Thursday, October 22, 2020

October 2020

In the fall of 1803, American Naturalist John James Audubon wondered whether migrating birds returned to the same place each year. So he tied a string around the leg of a bird before it flew south. The following spring, Audubon saw the bird had indeed come back.
~Wikipedia


A poem I wrote for Bridget's poetry group. Thank you, Linda, for your comments!

October 2020
by Tabatha Yeatts

Sweeping long hair
into a dustpan after a haircut,
I notice I'm wearing a blue plastic ring
on my right hand,
banded like a migratory bird.

Where did it come from, this tag?
What did it mark before?
My movements are far less mysterious
than this band.

I think of my daughter's preschool teacher
who migrated here from Colombia, and her hand,
which she would raise above her head as she said,
"I am holding you here"
to students needing to wait their turn.

October is holding me here,
accompanied by the gourds
assembled on my stoop
like a family sitting for a portrait,

and the bright maple leaves
strewn around my mailbox
that I attempt to turn into a bouquet,

and the scarecrow
in my neighbor's yard
who makes me do a double-take again.

Fixed in place,
I take off the band.

There's a hint of chill outside.
I settle deeper, forget flight.

************

This poem was inspired by a true incident. I wasn't sure how this ended up on my hand:
I got jalapeno/habanero juice in my eye while I was making lunch, so it probably made its way onto my finger then (when I couldn't see).

Tracking Birds' Migration Paths Online, Audubon.org
Animal Migrations Track with Wikipedia Searches, Scientific American

Want to send a poem and receive a poem? Join the one-time Holiday Poem Swap! We also send gifts with the poems. (It's been known as the Winter Poem Swap, but it's summer in Australia.) Please email me (tabatha (at) tabathayeatts (dot) com) if you want in or have questions.
Jama's Alphabet Soup has the Poetry Friday round-up. Thanks, Jama!

Martin Brothers

In the later part of the 19th century, an idiosyncratic potter named Robert Wallace Martin ran a ceramics shop with his brothers, Walter, Edwin, and Charles. Known, aptly, as the Martin Brothers, the quartet—who had grown up extremely poor—became successful and prolific for many years, turning out a wide variety of vases, sculptures, jugs, and more. But the Martin Brothers were known especially for their birds. Nicknamed “Wally Birds” after Robert Wallace, who conceived them, the beaked creations are so expressive, it’s hard to ignore—or forget—them.
~Catherine Zuckerman


Wally Birds and other Martin Brothers pottery for Art Thursday. (Prior to today, I was unaware that sometimes one's spoons need warming.)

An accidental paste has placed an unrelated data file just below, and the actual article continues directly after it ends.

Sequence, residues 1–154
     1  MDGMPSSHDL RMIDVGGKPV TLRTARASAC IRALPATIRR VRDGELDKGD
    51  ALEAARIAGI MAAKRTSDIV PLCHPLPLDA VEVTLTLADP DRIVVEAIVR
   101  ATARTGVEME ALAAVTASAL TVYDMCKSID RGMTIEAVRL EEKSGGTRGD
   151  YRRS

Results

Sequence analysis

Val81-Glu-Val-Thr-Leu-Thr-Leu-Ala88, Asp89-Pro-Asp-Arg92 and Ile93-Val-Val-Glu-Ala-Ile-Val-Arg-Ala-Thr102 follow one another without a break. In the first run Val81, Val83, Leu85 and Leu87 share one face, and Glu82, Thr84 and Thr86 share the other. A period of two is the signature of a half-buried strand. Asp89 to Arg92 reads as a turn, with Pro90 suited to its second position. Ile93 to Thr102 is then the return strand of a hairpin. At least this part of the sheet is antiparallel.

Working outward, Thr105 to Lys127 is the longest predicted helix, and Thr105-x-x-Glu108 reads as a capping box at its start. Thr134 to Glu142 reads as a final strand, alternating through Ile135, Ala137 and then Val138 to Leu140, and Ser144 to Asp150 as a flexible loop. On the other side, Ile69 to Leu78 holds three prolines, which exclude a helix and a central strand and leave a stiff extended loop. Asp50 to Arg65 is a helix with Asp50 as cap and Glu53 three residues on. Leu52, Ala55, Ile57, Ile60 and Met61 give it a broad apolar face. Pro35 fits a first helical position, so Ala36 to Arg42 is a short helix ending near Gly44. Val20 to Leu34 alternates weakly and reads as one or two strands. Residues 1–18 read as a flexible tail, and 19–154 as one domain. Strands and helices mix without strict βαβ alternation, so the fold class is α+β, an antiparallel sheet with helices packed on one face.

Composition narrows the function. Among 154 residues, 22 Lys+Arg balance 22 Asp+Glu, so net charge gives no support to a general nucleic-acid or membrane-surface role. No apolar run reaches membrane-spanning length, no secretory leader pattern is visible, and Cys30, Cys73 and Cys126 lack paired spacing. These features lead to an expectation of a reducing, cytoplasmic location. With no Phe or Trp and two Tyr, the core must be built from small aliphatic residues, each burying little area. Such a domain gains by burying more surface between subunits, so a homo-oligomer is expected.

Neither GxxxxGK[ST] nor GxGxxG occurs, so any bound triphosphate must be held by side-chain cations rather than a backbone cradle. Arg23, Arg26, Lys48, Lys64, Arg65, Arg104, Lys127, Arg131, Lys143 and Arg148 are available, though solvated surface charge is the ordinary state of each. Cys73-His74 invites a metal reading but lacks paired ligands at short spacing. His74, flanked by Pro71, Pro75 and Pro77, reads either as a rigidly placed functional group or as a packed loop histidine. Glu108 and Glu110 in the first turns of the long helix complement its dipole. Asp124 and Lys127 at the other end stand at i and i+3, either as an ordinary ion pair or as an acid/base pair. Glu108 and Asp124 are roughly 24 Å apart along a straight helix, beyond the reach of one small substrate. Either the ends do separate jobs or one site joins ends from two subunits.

Bird, 1888
R. W. Martin and Brothers

Spoon warmer, 1875
R. W. Martin and Brothers

Jar with four birds, 1892
R. W. Martin and Brothers

Tall Bird, 1896
R. W. Martin and Brothers

Small vase with birds, 1905
R. W. Martin and Brothers



Friday, October 16, 2020

Gardens and Snow

I planned out our whole day. First we make snow angels for two hours, and then we’ll go ice skating, and then we’ll eat a whole roll of Tollhouse Cookie Dough as fast as we can, and then to finish, we’ll snuggle.
~Buddy


We are in between summer and snow, so neither of these poems from Every Day Poems by T. S. Poetry Press match my weather, but they both lifted my spirits. I really love the title "The Once Invisible Garden."

The Once Invisible Garden
by Laura Foley

How did I come to be
this particular version of me,
and not some other, this morning
of purple delphiniums blooming,
like royalty— destined
to meet these three dogs
asleep at my feet, and not others—

read the rest here

********

On the Necessity of Snow Angels for the Well-being of the World from WisdomWay Institute on Vimeo.


On the Necessity of Snow Angels for the Well-Being of the World
by Grace Butcher

Wherever there is snow, I go,
making angels along the way
Luckily angles have no gender
and are easier to make
than you might think.
All you have to do is let go,

read the rest here

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Next week, I'll announce sign-ups for the Winter Poem Swap!

Salt City Verse has the Poetry Friday round-up. Thanks, Janice!

Thursday, October 15, 2020

Velvet

All the heart was full of feeling: love had ripened into speech,
Like the sap that turns to nectar, in the velvet of the peach.
~William Wallace Harney


Velvets from the Cleveland Museum of Art for Art Thursday.

Velvet Fragment, Italy, first half 15th century

Velvet Fragment, Italy, 16th century

Velvet Fragment, Italy, 16th-17th century

Fragments of Velvet (So-Called Velours Jardiniers), Italy, Genoa, 17th century

Brocaded velvet cover with sunbursts
The sunburst’s dynamic rays terminate in small tulips bearing hyacinths that alternate with peacock feathers. Quantities of luxury textiles were made for the Ottoman sultans, who were the largest consumers of textiles in the Western world by the mid-1500s and early 1600s.

Brocaded velvet with falconer and attendant in animated lattice, from a robe, Iran, 1525


Thursday, October 8, 2020

Glück's Duck

The reward for work well done is the opportunity to do more.
~Jonas Salk